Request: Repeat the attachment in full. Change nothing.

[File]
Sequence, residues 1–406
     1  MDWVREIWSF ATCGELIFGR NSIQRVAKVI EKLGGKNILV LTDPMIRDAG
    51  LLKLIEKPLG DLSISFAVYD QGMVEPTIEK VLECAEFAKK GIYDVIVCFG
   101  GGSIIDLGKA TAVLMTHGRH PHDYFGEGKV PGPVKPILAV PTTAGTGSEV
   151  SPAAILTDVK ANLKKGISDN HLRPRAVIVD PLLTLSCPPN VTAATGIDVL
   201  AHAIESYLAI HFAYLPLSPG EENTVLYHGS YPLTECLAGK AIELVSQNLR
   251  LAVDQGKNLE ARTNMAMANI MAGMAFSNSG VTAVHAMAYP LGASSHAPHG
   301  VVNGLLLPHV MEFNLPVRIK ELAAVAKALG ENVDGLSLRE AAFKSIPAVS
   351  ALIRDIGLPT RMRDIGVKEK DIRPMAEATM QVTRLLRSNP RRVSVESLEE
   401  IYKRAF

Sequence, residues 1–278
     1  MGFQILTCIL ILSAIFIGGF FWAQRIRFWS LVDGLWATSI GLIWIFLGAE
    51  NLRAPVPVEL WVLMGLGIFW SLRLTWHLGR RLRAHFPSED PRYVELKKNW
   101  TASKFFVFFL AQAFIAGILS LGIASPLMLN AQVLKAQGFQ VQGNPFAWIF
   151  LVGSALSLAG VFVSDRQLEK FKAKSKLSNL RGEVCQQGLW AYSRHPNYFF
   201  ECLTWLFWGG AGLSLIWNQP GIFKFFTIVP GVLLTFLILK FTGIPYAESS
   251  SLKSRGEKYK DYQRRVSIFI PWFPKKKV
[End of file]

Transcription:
Sequence, residues 1–406
     1  MDWVREIWSF ATCGELIFGR NSIQRVAKVI EKLGGKNILV LTDPMIRDAG
    51  LLKLIEKPLG DLSISFAVYD QGMVEPTIEK VLECAEFAKK GIYDVIVCFG
   101  GGSIIDLGKA TAVLMTHGRH PHDYFGEGKV PGPVKPILAV PTTAGTGSEV
   151  SPAAILTDVK ANLKKGISDN HLRPRAVIVD PLLTLSCPPN VTAATGIDVL
   201  AHAIESYLAI HFAYLPLSPG EENTVLYHGS YPLTECLAGK AIELVSQNLR
   251  LAVDQGKNLE ARTNMAMANI MAGMAFSNSG VTAVHAMAYP LGASSHAPHG
   301  VVNGLLLPHV MEFNLPVRIK ELAAVAKALG ENVDGLSLRE AAFKSIPAVS
   351  ALIRDIGLPT RMRDIGVKEK DIRPMAEATM QVTRLLRSNP RRVSVESLEE
   401  IYKRAF

Sequence, residues 1–278
     1  MGFQILTCIL ILSAIFIGGF FWAQRIRFWS LVDGLWATSI GLIWIFLGAE
    51  NLRAPVPVEL WVLMGLGIFW SLRLTWHLGR RLRAHFPSED PRYVELKKNW
   101  TASKFFVFFL AQAFIAGILS LGIASPLMLN AQVLKAQGFQ VQGNPFAWIF
   151  LVGSALSLAG VFVSDRQLEK FKAKSKLSNL RGEVCQQGLW AYSRHPNYFF
   201  ECLTWLFWGG AGLSLIWNQP GIFKFFTIVP GVLLTFLILK FTGIPYAESS
   251  SLKSRGEKYK DYQRRVSIFI PWFPKKKV